The New Policeman is a modern Irish folktale, blending Irish Music (there’s a playable tune at the end of every chapter), Irish mythology, and the rush of modern life into an intriguing fantasy/mystery.
J.J. Liddy is an expert fiddler at age 15, and all his life he and his family have hosted their small town’s ceilis, which are dance parties with live music. But people just don’t have time any more. It’s all anyone can do most days to get the necessary work done to make a living, and feed the family. Kids barely have time for school and the required extracurricular activities.
When J.J.’s mother makes a birthday wish for more time, J.J. promises to find it for her. But he never dreams there’s a supernatural reason for the way time is slipping away.
His quest leads him to Tír na n'Óg, the land of eternal youth, where time is supposed to stand still, but no longer does. Slowly time is inching away, and J.J. must figure out why.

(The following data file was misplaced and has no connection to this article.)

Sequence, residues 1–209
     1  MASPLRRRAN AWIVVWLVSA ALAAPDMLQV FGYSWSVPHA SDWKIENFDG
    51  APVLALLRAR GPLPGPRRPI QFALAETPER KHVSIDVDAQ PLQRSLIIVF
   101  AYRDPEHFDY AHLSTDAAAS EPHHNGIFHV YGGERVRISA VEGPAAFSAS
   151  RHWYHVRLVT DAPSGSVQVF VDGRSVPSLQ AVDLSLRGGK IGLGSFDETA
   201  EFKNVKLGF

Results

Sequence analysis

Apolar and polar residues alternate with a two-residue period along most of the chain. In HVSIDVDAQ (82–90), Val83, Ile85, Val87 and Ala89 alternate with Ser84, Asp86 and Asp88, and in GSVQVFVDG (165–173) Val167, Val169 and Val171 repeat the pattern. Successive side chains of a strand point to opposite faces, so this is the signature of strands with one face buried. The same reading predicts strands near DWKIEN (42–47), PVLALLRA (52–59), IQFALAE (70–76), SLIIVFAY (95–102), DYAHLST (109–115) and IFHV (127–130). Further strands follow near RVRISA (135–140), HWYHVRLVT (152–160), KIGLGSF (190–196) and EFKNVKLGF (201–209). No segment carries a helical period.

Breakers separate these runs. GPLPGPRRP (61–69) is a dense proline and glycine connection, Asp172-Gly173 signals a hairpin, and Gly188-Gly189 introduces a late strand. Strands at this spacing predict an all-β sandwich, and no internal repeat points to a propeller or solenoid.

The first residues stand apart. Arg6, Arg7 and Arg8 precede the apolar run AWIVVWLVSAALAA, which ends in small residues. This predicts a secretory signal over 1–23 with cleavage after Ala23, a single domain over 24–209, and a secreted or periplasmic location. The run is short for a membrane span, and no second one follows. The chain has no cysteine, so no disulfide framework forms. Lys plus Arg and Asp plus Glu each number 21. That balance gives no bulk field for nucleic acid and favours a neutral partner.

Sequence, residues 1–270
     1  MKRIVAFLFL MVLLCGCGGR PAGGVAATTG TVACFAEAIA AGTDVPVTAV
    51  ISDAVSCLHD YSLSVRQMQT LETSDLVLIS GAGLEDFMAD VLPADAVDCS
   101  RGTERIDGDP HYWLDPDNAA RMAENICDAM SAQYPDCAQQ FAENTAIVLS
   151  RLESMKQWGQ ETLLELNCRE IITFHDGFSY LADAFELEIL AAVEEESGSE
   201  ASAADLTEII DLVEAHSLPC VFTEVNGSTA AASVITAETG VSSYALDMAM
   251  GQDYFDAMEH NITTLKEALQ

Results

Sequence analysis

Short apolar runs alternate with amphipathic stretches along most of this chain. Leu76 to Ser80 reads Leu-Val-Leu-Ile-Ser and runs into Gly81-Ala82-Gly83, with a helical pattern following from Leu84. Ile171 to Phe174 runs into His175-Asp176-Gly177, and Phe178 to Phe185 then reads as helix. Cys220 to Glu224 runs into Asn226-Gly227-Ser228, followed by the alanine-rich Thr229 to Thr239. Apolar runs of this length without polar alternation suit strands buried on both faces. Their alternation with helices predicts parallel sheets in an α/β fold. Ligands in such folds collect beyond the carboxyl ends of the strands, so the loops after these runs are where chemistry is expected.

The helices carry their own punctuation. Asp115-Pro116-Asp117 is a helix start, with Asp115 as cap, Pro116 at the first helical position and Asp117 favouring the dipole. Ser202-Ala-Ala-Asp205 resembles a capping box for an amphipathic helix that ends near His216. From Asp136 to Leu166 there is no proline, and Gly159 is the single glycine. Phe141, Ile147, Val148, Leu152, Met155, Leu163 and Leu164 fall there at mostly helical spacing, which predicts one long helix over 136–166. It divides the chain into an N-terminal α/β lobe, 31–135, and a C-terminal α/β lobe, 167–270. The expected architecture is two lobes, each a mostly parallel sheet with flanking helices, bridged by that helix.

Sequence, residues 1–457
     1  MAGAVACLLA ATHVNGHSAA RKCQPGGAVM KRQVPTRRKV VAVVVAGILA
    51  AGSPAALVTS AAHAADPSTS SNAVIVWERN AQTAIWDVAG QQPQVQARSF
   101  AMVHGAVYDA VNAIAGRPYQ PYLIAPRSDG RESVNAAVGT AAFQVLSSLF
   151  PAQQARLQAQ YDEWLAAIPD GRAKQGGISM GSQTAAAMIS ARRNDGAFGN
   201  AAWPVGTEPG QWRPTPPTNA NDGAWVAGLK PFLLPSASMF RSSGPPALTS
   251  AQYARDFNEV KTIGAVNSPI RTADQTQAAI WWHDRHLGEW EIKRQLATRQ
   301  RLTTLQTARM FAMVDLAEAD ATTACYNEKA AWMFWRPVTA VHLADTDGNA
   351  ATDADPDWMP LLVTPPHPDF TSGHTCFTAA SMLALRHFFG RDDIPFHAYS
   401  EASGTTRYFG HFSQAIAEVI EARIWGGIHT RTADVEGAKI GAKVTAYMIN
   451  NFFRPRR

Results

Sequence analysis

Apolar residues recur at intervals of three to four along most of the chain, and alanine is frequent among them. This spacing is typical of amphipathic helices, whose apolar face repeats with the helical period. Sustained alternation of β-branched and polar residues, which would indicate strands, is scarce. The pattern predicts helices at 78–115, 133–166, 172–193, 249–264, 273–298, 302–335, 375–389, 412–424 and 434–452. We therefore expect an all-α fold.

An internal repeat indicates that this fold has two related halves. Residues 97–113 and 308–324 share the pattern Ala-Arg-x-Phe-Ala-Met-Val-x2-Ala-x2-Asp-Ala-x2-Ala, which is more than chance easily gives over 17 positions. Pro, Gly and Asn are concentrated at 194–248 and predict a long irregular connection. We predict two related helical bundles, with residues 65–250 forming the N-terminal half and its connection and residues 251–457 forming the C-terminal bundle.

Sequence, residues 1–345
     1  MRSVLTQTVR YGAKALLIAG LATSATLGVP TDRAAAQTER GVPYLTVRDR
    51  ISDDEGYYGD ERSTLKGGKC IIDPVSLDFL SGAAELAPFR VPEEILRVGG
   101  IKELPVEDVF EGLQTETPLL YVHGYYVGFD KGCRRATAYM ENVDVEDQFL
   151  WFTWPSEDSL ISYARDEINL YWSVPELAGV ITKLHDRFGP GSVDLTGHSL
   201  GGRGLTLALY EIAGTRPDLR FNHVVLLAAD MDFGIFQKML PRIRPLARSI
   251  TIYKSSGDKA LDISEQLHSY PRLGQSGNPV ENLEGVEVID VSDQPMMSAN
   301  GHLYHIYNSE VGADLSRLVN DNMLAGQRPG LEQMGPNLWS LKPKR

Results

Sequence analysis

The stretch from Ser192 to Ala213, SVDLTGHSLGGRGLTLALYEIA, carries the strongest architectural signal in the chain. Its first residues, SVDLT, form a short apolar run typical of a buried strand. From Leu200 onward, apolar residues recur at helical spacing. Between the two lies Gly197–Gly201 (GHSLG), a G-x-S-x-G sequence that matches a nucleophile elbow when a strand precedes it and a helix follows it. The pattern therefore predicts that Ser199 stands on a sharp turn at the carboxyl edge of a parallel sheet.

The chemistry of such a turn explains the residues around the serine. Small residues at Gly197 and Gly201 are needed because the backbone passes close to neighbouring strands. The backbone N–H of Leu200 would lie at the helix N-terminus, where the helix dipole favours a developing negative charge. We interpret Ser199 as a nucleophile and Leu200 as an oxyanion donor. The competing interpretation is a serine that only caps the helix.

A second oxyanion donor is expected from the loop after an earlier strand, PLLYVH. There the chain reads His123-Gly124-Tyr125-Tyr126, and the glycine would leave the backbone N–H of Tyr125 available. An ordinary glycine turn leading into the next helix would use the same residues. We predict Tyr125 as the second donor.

Tied up in all this are the mystery of the newly arrived policeman, who can’t seem to quite remember things but plays a mean fiddle, and the rumors that J.J.’s great-grandfather killed a priest, something J.J. will not believe.
Some readers may feel that it takes a few too many pages for the magic to begin in The New Policeman. Still, even before J.J. finds his way into Tír na n'Óg to visit the fairies, the novel Irish setting make this a fascinating read. You can hear the Irish brogue as you read, and the glossary at the end comes in handy.
The explanation of where our lost socks go is just an added benefit. It seems there are leaks between our world and the land of the fairies, often right behind our clothes dryers. Our stray socks spew into Tír na n'Óg from time to time. This is also why the fairies tend to wear unmatched socks.
The New Policeman is recommended for grades 7-10, and is the winner of several British awards.